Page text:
Bluetooth 5.1: What the Latest in Generation 5 Has to Offer

about 3 months ago by Sam Holland

'Bluetooth' is named after the English translation of 'Blåtand': the surname of King Harald Blåtand, who unified Denmark—so in his memory, it’s no surprise that the wireless standard has remained an important part of the connected world since the late 90s. Now, it’s more communicative, efficient and scalable than ever: here’s a look at what’s putting the '.1' in 'Bluetooth 5.1'.

Following Bluetooth Special Interest Group’s (SIG) market introduction of Bluetooth 5 on the 16th of June, 2016, Bluetooth Core Specification v5.1 (shortened here to 5.1) was introduced on the 21st of January this year. Focusing on both the former and the latter, let’s start by considering respectively what has brought Bluetooth its fifth generation title, and of course where the latest update comes in.

Bluetooth Low Energy (iPhone devtool version). Image courtesy of iTunes.

BLE: Bluetooth’s 5th-Generation Turning Point

This decade has seen a milestone in both Bluetooth connectivity and power efficiency, thanks largely to Bluetooth Low Energy (BLE), originally called Bluetooth Smart, which was first introduced in the 2011 release of 4.0.

BLE’s introduction was crucial, as the tech continues to ensure the best of both worlds: it transmits an always-on signal, but can remain in its sleep mode to avoid the device battery drainage (an infamous issue in pre-2011 Bluetooth) that would otherwise come from having a permanently-transmitted frequency (at around 2.45 GHz).

Naturally, from its lower energy consumption has come higher efficiency; to break down the 3 core improvements that generation 5 has over its immediate predecessor, 4.2:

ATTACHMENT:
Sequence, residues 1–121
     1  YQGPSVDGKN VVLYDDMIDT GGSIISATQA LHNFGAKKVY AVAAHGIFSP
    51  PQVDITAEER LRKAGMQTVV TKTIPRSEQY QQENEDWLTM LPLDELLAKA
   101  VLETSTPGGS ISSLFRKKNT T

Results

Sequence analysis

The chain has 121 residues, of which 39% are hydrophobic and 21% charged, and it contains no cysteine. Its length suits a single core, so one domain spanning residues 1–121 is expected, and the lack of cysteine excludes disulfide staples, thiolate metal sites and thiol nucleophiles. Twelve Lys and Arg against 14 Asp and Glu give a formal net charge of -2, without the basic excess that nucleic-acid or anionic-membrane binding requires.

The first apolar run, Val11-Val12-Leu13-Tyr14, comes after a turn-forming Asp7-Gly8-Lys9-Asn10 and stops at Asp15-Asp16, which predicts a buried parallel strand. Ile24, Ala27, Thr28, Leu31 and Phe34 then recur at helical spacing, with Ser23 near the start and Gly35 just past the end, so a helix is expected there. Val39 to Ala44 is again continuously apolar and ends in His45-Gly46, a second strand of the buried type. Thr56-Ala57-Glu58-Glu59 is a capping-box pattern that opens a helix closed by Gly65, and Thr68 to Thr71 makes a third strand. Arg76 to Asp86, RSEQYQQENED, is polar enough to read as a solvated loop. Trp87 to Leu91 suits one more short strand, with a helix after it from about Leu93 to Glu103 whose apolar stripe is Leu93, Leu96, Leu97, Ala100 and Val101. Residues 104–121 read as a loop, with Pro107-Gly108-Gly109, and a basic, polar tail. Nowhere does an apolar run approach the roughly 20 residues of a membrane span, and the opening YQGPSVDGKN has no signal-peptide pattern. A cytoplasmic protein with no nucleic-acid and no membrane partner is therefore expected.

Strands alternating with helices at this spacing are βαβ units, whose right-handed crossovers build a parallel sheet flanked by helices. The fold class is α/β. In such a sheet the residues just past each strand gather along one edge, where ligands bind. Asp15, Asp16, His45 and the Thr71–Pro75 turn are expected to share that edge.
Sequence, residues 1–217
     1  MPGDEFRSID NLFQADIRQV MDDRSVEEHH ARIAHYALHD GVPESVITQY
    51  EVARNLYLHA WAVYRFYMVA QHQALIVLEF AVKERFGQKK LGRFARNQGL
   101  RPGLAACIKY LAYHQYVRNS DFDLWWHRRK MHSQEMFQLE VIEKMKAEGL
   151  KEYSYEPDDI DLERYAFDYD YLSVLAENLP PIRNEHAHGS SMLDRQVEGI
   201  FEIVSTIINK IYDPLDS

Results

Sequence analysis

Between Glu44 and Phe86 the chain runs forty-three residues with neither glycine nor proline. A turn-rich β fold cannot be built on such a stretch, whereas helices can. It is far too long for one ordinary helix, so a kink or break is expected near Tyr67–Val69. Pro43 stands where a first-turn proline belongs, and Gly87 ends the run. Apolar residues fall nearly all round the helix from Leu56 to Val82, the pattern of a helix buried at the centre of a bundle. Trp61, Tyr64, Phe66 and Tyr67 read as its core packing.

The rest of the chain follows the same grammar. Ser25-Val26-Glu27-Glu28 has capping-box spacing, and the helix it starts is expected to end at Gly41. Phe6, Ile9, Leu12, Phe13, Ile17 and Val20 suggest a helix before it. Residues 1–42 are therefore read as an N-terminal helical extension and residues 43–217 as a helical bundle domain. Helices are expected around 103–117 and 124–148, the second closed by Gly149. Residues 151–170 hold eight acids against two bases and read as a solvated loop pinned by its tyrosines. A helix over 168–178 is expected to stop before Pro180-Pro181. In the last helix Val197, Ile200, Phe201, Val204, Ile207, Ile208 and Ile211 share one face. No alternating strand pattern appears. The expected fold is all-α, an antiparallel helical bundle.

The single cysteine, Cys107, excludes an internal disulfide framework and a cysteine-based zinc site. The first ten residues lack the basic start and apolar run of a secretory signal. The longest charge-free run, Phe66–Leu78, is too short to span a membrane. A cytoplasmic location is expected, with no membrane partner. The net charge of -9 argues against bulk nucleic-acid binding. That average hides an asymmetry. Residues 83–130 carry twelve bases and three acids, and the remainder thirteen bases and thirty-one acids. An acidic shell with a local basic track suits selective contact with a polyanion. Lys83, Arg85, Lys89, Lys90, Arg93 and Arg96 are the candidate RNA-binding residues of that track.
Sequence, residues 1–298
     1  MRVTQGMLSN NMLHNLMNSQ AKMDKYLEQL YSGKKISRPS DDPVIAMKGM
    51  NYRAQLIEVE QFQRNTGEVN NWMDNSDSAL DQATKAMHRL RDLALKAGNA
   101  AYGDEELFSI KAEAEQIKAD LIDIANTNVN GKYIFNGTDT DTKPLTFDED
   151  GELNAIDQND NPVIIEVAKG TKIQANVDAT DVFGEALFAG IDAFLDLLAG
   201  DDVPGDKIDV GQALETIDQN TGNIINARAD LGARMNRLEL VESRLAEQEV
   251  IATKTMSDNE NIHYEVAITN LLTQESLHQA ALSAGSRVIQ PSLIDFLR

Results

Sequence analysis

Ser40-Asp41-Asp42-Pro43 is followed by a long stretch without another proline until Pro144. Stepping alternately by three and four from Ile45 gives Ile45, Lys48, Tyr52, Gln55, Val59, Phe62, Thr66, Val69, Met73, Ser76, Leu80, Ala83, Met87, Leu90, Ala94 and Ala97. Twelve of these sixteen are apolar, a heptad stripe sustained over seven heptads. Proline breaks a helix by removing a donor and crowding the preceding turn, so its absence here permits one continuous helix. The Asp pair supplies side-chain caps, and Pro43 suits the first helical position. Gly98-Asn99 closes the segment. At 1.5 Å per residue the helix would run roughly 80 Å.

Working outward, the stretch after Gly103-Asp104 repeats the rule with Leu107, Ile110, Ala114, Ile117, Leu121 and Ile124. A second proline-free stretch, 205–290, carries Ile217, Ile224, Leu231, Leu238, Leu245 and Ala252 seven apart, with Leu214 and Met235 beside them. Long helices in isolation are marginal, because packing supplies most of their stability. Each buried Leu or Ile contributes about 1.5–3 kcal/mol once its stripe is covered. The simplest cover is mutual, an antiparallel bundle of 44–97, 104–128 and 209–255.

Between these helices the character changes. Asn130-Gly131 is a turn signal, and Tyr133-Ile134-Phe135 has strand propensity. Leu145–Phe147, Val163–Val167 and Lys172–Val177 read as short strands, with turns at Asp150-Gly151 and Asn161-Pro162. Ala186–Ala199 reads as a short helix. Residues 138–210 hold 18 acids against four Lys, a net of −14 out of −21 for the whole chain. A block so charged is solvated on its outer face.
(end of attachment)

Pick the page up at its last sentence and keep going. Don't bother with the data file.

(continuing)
a) Twice the speed;

b) 4 times the range;

c) And 8 times the data transmission potential.

Consumer-wise, such enhancements in efficiency have even led to dual headphone connectivity; but more importantly, the above breakthroughs have also accommodated broader benefits, including the following: position tracking and IoT functions.

Position Tracking

Bluetooth 5, particularly given its said BLE functionality, has already proved its worth in position tracking (PT) and wayfinding; this is through its facilitation of BLE beacons, whose above-mentioned power efficiencies allow them to be always-on, providing location services (plus Bluetooth proximity marketing) to the smartphones and watches of passersby.

Various points of interest that may be brought to the attention of a Bluetooth marketing recipient. Image courtesy of Dribble.

But while this mainstay of Generation 5 has indeed introduced BLE-based location services (another popular example being airport wayfinding) such PT technology is accurate to the metre at best. Now, 5.1 has come with centimetre-level accuracy, thanks to the introduction of its ‘angle of arrival’ (AoA) and ‘angle of departure’ (AoD) PT techniques.

About AoA and AoD